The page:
Critical Context (Masterplots II: African American Literature)
Shange’s for colored girls was the second play by a black woman to reach Broadway, preceded by Lorraine Hansberry’s A Raisin in the Sun in 1959. The choreopoem won numerous awards and accolades, including the Golden Apple, the Outer Critics Circle, the Mademoiselle, an Obie, and an Audelco. In addition, it was nominated for the Tony, the Grammy, and the Emmy. Following its Broadway run, for colored girls toured London in 1977 under the sponsorship of the Samuel French Company and was produced for the Public Broadcasting Service in collaboration with stations WNET and WPBT-TV in 1982.
The play established Shange as a serious American playwright, one who voiced the sentiments of women everywhere and of every race who have suffered emotional and physical abuse. In particular, she initiated a sober examination of the specific plight of modern African American women, an examination previously absent from drama. Shange created a permanent place for herself in American theater history as she brought to the stage the choreopoem, a distinct art form that included chants, poetry, dance, and rituals.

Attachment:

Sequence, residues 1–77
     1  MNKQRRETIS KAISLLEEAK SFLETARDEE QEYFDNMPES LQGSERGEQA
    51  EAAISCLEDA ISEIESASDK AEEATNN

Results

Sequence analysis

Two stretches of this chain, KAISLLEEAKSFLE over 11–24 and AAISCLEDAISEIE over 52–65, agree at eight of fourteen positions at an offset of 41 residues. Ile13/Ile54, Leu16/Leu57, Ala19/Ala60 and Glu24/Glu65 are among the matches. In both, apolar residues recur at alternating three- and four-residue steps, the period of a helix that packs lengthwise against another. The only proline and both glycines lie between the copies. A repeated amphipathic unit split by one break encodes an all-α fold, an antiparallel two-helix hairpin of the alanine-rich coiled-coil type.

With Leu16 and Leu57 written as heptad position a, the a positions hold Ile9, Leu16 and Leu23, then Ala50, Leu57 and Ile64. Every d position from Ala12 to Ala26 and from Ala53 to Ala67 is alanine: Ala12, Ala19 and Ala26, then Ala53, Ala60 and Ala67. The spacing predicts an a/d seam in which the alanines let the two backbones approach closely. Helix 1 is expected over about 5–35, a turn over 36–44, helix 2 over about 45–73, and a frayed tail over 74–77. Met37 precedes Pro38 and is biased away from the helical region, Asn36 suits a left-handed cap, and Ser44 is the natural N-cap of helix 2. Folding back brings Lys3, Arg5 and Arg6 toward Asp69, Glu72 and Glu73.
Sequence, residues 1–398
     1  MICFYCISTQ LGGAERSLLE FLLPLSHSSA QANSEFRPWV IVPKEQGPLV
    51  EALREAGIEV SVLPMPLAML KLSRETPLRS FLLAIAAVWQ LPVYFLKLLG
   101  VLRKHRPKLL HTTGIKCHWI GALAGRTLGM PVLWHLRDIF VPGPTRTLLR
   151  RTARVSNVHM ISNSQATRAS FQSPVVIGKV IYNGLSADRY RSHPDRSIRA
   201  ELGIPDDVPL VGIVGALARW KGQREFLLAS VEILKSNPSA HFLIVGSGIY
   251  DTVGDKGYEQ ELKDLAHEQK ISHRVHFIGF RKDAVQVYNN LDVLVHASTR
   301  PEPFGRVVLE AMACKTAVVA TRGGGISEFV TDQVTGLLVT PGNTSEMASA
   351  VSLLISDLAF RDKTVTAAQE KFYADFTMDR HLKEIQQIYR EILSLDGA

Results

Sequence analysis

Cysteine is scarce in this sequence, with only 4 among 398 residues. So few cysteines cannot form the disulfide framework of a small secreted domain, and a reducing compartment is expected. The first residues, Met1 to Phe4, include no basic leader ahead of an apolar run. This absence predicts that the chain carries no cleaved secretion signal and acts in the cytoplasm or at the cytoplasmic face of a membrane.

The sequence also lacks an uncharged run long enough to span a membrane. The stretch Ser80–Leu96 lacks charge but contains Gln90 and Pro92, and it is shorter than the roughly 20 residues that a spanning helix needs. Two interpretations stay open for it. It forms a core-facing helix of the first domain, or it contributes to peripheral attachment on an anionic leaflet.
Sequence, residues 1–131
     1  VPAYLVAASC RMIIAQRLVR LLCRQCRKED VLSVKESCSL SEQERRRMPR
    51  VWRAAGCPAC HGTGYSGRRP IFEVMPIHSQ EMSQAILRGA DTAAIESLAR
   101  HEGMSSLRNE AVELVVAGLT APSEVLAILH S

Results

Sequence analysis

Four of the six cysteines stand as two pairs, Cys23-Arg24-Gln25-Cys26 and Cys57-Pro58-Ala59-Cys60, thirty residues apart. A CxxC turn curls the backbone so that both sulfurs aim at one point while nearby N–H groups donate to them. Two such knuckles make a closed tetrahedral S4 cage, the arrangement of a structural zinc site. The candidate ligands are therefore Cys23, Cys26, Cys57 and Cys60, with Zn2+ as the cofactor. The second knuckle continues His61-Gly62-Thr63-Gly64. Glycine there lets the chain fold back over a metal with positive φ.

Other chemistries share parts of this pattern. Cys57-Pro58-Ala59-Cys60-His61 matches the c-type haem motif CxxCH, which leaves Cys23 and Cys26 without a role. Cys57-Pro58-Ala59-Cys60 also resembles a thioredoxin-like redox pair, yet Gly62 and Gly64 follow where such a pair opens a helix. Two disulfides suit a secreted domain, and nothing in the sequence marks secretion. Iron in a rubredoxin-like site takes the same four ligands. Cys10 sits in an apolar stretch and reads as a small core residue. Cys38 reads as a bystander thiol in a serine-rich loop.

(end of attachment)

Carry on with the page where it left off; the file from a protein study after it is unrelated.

Although the play incurred the wrath of many black men for its sketches of men who seem only to know how to lie, seduce, beat, rape, and abandon women, it was generally well received by critics. Edwin Wilson, in The Wall Street Journal, acclaimed Shange’s good ear and eye for the behavior and customs of black people. He also praised her capture of “the raw emotions of the modern black woman who against great odds fights for her integrity and her self-respect.” Jack Kroll of Newsweek wrote, “Shange’s poems aren’t war cries—they are outcries filled with controlled passion against the brutality that blasts the lives of colored girls.” Most critics restricted for colored girls to being merely a play about the existing relationships between African American women and their men rather than a work about men and women in general.